Short Poetry by Popular Famous Poets

 Poet
1 William Wordsworth
2 William Shakespeare
3 Oscar Wilde
4 Emily Dickinson
5 Rabindranath Tagore
6 Maya Angelou
7 Robert Frost
8 Langston Hughes
9 Walt Whitman
10 Shel Silverstein
11 William Blake
12 Pablo Neruda
13 Sylvia Plath
14 Rudyard Kipling
15 William Butler Yeats
16 Alfred Lord Tennyson
17 Tupac Shakur
18 Edward Estlin (E E) Cummings
19 Charles Bukowski
20 Sarojini Naidu
21 Henry Wadsworth Longfellow
22 Muhammad Ali
23 Christina Rossetti
24 Billy Collins
25 Alice Walker
26 Sandra Cisneros
27 Carol Ann Duffy
28 Ogden Nash
29 John Donne
30 Edgar Allan Poe
31 Ralph Waldo Emerson
32 Raymond Carver
33 Nikki Giovanni
34 John Keats
35 Lewis Carroll
36 Thomas Hardy
37 Spike Milligan
38 Mark Twain
39 Thunchaththu Ramanujan Ezhuthachan
40 Carl Sandburg
41 Percy Bysshe Shelley
42 Anne Sexton
43 Alexander Pushkin
44 Henry David Thoreau
45 Roger McGough
46 Elizabeth Barrett Browning
47 Sara Teasdale
48 Victor Hugo
49 Wendell Berry
50 George (Lord) Byron

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Famous Short Beach Poems

Famous Short Beach Poems. Short Beach Poetry by Famous Poets. A collection of the all-time best Beach short poems

Other Short Poem Pages


Poems are below...


Beach | Short Famous Poems and Poets

 
by Billy Collins

Walking Across The Atlantic

 I wait for the holiday crowd to clear the beach
before stepping onto the first wave.
Soon I am walking across the Atlantic thinking about Spain, checking for whales, waterspouts.
I feel the water holding up my shifting weight.
Tonight I will sleep on its rocking surface.
But for now I try to imagine what this must look like to the fish below, the bottoms of my feet appearing, disappearing.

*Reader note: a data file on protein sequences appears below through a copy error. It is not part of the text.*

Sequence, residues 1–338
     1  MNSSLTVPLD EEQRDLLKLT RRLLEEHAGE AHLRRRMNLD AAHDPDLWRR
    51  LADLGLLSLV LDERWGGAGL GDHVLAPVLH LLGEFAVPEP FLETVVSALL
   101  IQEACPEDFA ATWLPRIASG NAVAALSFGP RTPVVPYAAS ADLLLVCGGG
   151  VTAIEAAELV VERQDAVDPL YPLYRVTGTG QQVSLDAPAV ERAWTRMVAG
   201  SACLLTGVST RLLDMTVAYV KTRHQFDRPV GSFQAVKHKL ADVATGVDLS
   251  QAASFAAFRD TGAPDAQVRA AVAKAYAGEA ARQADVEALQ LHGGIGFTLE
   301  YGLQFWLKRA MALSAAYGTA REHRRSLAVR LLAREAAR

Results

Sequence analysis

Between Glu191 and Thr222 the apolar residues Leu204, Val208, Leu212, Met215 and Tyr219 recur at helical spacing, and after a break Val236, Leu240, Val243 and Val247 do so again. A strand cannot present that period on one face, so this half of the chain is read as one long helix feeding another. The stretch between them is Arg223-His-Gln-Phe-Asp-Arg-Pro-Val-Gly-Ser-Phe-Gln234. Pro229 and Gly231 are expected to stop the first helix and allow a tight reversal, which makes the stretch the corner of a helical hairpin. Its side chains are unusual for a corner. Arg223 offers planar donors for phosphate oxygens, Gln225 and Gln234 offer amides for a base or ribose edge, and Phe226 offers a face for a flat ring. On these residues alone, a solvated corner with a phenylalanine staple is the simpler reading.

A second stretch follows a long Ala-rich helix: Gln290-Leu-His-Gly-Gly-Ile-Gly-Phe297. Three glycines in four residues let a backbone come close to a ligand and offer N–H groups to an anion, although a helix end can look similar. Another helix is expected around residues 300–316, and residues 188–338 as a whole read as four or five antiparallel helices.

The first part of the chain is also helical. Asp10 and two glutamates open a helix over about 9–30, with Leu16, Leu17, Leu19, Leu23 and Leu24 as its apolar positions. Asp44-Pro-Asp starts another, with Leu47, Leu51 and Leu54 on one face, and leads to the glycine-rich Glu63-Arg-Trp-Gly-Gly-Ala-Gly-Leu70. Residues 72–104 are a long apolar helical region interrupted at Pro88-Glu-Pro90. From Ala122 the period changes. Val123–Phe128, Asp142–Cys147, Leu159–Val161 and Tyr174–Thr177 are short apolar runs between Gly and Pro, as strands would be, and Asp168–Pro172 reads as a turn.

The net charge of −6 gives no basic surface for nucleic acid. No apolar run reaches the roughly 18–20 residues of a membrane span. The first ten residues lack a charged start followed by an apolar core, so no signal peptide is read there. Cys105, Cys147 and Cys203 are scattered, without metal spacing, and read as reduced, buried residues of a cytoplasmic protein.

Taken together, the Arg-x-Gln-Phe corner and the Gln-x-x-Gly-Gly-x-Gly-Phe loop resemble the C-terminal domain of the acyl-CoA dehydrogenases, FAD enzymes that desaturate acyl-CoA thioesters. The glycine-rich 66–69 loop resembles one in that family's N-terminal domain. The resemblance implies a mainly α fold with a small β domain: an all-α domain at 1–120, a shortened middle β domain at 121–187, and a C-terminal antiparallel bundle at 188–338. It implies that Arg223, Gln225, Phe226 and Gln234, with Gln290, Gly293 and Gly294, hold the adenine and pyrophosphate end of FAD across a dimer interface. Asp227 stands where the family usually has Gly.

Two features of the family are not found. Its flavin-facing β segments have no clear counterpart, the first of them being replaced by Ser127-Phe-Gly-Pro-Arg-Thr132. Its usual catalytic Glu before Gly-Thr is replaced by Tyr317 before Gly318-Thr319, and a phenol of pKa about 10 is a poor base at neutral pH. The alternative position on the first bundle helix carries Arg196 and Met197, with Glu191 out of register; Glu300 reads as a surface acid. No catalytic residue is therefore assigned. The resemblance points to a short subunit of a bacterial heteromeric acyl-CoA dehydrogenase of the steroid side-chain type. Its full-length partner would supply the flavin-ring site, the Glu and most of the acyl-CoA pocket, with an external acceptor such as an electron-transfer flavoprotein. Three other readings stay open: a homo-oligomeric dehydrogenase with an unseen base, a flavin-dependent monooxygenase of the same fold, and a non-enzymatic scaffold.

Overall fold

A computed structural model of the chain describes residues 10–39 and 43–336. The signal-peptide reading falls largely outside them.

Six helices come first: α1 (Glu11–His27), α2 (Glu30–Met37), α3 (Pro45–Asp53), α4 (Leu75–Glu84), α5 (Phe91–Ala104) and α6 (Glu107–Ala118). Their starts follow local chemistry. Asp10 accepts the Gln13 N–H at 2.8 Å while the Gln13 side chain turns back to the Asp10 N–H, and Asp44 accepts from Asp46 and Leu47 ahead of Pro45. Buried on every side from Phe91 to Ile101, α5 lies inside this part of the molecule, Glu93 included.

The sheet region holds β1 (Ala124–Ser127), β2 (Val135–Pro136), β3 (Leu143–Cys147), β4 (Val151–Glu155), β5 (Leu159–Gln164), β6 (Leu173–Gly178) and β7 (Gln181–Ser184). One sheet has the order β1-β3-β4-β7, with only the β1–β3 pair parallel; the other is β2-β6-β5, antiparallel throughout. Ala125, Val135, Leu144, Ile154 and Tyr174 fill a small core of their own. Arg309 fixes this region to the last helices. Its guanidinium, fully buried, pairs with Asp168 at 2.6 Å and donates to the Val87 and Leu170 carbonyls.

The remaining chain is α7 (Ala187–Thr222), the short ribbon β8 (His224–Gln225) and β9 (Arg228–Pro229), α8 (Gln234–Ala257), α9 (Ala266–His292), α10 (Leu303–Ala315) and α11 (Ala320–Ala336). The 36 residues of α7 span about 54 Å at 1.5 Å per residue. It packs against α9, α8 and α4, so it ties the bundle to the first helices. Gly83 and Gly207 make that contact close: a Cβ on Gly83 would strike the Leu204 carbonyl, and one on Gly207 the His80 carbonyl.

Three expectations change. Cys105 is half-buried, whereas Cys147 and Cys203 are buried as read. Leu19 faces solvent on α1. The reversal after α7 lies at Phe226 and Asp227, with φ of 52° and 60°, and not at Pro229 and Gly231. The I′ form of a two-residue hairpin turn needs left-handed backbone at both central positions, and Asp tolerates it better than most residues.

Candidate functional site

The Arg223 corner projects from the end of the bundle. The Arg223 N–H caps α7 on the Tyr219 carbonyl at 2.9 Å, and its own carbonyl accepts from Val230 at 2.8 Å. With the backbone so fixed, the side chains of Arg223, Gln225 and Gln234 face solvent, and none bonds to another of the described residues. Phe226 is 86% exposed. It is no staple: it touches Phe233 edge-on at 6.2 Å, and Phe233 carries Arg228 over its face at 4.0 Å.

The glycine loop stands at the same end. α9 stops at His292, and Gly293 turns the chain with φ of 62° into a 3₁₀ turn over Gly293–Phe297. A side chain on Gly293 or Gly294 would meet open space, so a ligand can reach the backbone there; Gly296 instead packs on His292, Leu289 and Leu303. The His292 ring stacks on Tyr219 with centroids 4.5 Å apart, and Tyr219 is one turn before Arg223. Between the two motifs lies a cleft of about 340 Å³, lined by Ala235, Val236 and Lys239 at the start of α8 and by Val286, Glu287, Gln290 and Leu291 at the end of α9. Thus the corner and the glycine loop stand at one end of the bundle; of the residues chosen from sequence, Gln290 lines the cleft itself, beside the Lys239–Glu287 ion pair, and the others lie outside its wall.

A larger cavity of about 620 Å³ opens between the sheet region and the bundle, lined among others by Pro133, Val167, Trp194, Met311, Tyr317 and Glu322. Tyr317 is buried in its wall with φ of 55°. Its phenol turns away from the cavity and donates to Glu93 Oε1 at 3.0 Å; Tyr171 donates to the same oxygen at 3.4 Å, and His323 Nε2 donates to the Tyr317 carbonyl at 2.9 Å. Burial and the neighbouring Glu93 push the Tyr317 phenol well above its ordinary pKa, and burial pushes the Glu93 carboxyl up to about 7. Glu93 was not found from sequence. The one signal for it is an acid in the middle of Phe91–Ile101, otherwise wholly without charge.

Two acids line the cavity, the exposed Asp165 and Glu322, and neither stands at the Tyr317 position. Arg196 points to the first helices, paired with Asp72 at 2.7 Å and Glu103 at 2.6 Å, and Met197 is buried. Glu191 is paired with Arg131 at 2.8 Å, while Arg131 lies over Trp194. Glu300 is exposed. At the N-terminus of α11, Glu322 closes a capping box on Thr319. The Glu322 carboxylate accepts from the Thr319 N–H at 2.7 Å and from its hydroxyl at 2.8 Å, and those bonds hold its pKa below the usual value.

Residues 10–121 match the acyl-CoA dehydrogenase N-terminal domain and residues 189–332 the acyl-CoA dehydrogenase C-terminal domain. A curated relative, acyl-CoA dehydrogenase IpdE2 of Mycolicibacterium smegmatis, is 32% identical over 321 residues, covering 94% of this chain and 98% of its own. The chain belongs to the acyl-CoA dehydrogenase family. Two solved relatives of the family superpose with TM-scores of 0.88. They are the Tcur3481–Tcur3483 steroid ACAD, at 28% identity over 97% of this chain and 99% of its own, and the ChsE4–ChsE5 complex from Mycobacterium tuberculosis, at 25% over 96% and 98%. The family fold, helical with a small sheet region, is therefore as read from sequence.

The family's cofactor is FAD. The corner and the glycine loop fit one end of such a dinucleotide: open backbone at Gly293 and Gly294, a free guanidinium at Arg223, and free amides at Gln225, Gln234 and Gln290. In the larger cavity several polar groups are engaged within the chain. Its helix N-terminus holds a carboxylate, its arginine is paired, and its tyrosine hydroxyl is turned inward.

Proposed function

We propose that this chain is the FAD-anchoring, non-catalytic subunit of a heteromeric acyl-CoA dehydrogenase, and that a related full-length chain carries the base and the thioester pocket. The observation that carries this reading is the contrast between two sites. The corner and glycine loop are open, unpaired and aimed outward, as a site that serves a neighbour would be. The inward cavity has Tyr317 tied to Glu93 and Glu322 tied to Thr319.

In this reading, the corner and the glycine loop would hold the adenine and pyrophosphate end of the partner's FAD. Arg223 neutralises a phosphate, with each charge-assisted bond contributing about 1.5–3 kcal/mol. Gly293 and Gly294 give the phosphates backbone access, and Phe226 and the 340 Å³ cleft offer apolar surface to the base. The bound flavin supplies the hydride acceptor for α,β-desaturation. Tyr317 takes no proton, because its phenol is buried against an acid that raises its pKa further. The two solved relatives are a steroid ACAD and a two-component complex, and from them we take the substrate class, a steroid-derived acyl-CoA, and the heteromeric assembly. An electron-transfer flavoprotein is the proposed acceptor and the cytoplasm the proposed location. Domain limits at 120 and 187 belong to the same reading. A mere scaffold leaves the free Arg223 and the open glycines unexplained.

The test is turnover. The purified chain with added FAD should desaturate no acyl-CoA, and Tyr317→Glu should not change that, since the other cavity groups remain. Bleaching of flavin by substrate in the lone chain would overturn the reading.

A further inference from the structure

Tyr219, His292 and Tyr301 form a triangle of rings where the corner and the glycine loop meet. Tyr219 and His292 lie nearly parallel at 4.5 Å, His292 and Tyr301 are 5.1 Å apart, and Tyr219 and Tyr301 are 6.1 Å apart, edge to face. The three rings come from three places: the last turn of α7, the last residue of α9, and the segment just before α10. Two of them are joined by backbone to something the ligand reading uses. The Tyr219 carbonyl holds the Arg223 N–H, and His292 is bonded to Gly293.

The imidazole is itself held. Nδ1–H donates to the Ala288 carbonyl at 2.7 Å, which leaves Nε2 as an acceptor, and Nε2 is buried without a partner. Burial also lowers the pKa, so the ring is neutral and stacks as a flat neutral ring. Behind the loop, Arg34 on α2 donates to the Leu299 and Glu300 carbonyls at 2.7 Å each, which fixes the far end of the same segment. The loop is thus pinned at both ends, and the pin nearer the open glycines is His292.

by Sara Teasdale

I Thought Of You

 I thought of you and how you love this beauty,
And walking up the long beach all alone 
I heard the waves breaking in measured thunder
As you and I once heard their monotone.
Around me were the echoing dunes, beyond me The cold and sparkling silver of the sea -- We two will pass through death and ages lengthen Before you hear that sound again with me.


by Emily Dickinson

My Garden -- like the Beach

 My Garden -- like the Beach --
Denotes there be -- a Sea --
That's Summer --
Such as These -- the Pearls
She fetches -- such as Me


by Lisel Mueller

Night Song

 Among rocks, I am the loose one,
among aarows, I am the heart,
among daughters, I am the recluse,
among sons, the one who dies young.
Among answers, I am the question, between lovers, I am the sword, among scars, I am the fresh wound, among confetti, the black flag.
Among shoes, I am the onw with the pebble, among days, the one that never comes, among the bones you find on the beach the one that sings was mine.


by Walt Whitman

I will Take an Egg Out of the Robin's Nest

 I WILL take an egg out of the robin’s nest in the orchard, 
I will take a branch of gooseberries from the old bush in the garden, and go and preach to
 the
 world; 
You shall see I will not meet a single heretic or scorner, 
You shall see how I stump clergymen, and confound them, 
You shall see me showing a scarlet tomato, and a white pebble from the beach.
5


by James Joyce

On the Beach at Fontana

 Wind whines and whines the shingle,
The crazy pierstakes groan;
A senile sea numbers each single
Slimesilvered stone.
From whining wind and colder Grey sea I wrap him warm And touch his trembling fineboned shoulder And boyish arm.
Around us fear, descending Darkness of fear above And in my heart how deep unending Ache of love!


by Wanda Phipps

Morning Poem #43

 I close my eyes
and there it is
a concrete walkway
leading out of a
small village
hugging the sides
of a green green
tree filled mountainside
and to the right
a pipe railing
paited the color
of oxidized metaland even firther
to my right
a small beach
costline-an ocean
all under a pale blue sky
all there when my eyelids
close and the shutters open


by Carl Sandburg

Fog Portrait

 RINGS of iron gray smoke; a woman’s steel face … looking … looking.
Funnels of an ocean liner negotiating a fog night; pouring a taffy mass down the wind; layers of soot on the top deck; a taffrail … and a woman’s steel face … looking … looking.
Cliffs challenge humped; sudden arcs form on a gull’s wing in the storm’s vortex; miles of white horses plow through a stony beach; stars, clear sky, and everywhere free climbers calling; and a woman’s steel face … looking … looking …